Use of Fungal Mycelium as Biosupport in the Formation of Lichen-Like Structure: Recovery of Algal Grown in Sugarcane Molasses for Lipid Accumulation and Balanced Fatty Acid Profile

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In this study, a lichen-like structure was obtained through the production of a unique biomass, formed by algae cells of Scenedesmus obliquus adhering to the mycelium of filamentous fungal Mucor circinelloides. This structure was composed in two steps; in the first one, microalgal cells and spores were incubated separately, and in the second one, after 72 h of growth, isolated, mature mycelium was harvested and added to cell culture. For spores’ incubation, a culture medium containing only 2 g·L−1 of glucose and minerals was used. This culture medium, with low sugar content, provided a fungal biomass to the anchorage of microalgae cells. WC medium was used without and with sugarcane molasses supplementation for microalgae cells’ incubation. The lichen-type structure that was formed resulted in 99.7% efficiency in the recovery of microalgae cells and in up to 80% efficiency in the recovery of algae biomass in the lichen biomass composition. In addition, the resulting consortium attained a satisfactory lipid accumulation value (38.2 wt%) with a balanced fatty acid composition of 52.7% saturated plus monounsaturated fatty acids and 47.4% polyunsaturated fatty acids. Since fungal species are easy to recover, unlike microalgae, the lichen-like structure produced indicates an efficient low-cost bioremediation and harvesting alternative; in addition, it provides an oleaginous biomass for various industrial applications.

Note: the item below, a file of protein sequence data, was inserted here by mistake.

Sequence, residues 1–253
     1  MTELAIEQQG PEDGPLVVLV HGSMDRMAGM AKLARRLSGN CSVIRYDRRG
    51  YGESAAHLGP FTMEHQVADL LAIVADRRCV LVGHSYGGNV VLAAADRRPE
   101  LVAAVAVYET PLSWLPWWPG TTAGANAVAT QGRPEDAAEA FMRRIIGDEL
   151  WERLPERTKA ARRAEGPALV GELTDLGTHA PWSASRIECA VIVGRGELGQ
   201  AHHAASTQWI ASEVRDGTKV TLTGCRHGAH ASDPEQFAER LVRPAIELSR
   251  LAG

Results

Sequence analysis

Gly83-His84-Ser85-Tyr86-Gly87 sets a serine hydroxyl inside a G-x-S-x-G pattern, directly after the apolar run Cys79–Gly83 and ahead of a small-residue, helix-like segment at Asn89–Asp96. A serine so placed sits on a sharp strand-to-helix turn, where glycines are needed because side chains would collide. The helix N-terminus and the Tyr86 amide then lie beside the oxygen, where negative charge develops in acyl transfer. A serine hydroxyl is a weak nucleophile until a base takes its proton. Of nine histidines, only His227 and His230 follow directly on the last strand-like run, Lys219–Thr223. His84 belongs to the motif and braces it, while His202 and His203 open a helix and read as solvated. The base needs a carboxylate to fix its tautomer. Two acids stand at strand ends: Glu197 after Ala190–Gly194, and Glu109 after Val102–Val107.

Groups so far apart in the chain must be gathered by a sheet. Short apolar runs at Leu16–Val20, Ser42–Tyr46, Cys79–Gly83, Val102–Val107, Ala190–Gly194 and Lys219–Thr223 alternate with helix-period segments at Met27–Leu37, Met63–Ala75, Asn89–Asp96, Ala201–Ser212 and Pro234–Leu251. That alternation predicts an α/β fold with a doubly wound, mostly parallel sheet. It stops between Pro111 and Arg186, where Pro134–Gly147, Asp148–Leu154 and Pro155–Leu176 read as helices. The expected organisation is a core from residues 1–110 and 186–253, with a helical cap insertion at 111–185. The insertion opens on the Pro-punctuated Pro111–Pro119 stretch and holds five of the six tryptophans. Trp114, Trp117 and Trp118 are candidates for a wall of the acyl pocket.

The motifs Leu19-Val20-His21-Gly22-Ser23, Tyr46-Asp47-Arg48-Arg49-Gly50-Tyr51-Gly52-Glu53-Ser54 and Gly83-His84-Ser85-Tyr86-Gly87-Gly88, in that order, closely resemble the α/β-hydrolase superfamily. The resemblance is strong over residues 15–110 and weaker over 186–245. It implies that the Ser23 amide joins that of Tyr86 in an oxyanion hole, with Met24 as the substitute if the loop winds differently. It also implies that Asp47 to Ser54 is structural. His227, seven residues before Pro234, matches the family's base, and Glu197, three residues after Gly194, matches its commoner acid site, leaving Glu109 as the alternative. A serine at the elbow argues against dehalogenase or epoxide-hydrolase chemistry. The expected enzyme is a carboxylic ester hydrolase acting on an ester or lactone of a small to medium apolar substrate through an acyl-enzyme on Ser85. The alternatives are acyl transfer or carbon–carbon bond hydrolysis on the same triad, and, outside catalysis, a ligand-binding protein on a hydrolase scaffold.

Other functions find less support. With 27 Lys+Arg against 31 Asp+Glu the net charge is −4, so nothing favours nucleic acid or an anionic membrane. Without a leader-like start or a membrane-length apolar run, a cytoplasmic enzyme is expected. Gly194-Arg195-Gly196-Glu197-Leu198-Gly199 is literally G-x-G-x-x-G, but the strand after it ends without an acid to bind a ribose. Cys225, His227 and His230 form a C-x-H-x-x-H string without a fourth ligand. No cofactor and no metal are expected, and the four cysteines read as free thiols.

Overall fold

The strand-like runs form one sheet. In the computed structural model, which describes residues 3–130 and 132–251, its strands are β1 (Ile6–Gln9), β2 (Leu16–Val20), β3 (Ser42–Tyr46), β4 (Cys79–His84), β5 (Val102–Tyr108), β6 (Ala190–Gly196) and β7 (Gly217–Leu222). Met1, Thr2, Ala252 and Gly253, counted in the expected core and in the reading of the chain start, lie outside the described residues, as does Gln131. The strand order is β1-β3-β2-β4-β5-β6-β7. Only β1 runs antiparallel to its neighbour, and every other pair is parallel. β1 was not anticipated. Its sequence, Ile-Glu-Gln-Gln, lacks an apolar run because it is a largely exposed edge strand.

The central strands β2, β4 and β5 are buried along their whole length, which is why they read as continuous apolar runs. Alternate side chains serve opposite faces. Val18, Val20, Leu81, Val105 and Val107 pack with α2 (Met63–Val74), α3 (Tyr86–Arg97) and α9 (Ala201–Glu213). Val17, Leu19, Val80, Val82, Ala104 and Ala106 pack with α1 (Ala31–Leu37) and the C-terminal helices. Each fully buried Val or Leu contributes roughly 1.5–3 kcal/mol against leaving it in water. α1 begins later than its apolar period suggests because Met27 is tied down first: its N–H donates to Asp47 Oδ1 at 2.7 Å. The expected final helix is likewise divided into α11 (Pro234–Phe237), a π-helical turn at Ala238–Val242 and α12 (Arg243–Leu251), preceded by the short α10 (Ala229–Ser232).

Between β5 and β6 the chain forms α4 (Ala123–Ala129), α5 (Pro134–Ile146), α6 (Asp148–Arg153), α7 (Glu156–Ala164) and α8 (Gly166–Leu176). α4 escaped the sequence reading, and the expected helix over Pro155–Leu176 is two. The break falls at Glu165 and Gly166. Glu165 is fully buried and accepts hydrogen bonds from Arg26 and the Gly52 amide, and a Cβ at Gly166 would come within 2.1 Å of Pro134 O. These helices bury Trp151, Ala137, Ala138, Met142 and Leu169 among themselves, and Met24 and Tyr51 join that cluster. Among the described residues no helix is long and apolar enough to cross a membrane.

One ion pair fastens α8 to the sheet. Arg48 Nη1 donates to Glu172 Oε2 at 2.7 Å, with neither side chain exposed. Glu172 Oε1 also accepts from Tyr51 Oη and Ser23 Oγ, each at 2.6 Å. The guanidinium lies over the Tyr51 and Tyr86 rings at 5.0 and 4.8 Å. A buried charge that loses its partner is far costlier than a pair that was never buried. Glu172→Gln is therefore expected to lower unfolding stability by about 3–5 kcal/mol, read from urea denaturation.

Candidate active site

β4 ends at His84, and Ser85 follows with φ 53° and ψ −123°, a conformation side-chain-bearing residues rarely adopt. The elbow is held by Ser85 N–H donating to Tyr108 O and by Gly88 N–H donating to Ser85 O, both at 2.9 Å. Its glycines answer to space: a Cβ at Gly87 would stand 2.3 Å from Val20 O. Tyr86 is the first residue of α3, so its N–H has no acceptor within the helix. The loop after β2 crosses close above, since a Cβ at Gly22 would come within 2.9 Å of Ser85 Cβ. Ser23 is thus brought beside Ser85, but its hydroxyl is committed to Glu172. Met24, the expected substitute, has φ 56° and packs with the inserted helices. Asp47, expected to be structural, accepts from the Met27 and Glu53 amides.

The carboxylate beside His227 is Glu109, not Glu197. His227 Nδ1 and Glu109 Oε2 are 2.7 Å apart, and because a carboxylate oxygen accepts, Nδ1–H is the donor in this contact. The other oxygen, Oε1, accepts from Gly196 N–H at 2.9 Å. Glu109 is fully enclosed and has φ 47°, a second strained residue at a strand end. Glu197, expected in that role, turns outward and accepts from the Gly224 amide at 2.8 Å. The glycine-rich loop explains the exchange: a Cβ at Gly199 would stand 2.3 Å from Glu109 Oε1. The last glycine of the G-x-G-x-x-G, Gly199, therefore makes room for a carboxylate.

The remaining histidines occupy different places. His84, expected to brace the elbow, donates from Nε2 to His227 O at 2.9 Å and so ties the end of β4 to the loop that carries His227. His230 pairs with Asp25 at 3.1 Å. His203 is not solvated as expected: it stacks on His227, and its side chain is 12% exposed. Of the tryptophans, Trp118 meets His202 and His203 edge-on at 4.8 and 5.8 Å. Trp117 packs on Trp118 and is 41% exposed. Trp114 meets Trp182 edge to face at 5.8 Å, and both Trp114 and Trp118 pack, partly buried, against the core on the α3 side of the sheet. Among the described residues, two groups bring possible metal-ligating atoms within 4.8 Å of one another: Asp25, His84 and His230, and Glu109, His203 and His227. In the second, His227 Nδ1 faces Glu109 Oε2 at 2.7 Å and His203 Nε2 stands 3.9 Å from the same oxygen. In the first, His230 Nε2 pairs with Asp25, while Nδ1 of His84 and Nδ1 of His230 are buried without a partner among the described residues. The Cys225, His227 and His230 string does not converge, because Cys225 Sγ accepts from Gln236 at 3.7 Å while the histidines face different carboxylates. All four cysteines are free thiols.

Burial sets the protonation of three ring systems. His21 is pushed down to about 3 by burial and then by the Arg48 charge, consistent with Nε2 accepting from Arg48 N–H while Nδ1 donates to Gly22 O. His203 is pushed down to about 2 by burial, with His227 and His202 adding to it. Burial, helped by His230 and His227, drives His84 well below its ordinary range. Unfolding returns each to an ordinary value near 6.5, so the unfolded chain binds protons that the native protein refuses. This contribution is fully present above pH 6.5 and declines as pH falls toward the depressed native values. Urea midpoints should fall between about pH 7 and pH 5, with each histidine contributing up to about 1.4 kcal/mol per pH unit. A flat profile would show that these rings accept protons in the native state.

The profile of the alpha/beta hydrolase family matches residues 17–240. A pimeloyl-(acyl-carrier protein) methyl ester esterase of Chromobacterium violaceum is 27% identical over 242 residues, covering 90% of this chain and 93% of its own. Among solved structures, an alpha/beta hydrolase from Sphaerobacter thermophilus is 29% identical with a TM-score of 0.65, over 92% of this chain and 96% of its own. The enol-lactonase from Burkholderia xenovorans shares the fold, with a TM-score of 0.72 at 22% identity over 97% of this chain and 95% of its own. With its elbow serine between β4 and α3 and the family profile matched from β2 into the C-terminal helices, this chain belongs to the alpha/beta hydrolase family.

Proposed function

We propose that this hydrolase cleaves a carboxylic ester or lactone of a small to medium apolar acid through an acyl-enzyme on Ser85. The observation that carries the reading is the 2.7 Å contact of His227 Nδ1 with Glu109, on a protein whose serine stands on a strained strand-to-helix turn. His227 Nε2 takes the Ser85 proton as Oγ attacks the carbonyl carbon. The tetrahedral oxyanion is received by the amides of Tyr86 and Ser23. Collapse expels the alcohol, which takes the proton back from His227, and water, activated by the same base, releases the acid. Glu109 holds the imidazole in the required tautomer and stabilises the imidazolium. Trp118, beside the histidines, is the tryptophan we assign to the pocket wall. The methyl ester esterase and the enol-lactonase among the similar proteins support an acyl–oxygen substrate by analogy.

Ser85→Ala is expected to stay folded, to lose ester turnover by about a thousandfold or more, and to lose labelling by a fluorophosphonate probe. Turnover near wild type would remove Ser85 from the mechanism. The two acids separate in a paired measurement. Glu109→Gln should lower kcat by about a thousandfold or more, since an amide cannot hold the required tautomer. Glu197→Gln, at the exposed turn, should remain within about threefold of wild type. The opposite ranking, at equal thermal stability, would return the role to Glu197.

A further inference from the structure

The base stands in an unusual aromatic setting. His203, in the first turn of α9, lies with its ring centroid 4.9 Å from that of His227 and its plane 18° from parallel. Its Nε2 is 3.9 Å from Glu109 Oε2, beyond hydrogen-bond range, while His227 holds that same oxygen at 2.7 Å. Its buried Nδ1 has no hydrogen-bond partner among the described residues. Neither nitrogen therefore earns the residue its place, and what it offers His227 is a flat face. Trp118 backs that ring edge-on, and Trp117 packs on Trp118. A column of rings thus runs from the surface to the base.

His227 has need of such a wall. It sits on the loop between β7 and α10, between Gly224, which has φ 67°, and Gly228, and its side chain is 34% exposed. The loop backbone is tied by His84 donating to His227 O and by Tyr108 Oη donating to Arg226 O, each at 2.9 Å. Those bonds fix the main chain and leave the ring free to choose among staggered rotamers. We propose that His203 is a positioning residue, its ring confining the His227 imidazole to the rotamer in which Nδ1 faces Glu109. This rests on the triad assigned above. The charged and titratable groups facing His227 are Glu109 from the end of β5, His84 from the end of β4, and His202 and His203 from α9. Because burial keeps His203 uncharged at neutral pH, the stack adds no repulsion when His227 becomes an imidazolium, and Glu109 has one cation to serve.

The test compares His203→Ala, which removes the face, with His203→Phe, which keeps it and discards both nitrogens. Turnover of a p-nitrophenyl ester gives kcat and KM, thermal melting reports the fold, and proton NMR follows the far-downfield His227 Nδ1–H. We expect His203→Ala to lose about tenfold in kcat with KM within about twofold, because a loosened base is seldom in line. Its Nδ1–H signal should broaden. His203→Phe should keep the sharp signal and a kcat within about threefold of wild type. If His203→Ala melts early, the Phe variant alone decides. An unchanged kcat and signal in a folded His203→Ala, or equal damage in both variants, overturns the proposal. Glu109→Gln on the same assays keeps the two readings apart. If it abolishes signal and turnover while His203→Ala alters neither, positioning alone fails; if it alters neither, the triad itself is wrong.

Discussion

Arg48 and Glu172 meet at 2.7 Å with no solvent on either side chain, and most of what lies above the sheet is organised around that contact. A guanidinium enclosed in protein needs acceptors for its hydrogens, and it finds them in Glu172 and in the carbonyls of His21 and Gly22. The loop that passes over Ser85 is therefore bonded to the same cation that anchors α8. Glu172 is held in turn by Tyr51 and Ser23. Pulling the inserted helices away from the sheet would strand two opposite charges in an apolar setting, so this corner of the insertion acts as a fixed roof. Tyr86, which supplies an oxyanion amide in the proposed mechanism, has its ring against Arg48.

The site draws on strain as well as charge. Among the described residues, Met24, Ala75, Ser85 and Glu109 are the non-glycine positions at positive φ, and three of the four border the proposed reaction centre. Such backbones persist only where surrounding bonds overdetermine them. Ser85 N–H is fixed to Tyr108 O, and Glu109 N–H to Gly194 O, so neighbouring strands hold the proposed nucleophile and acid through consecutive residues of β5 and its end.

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Membranes, v. 12, n. 3, 2022.

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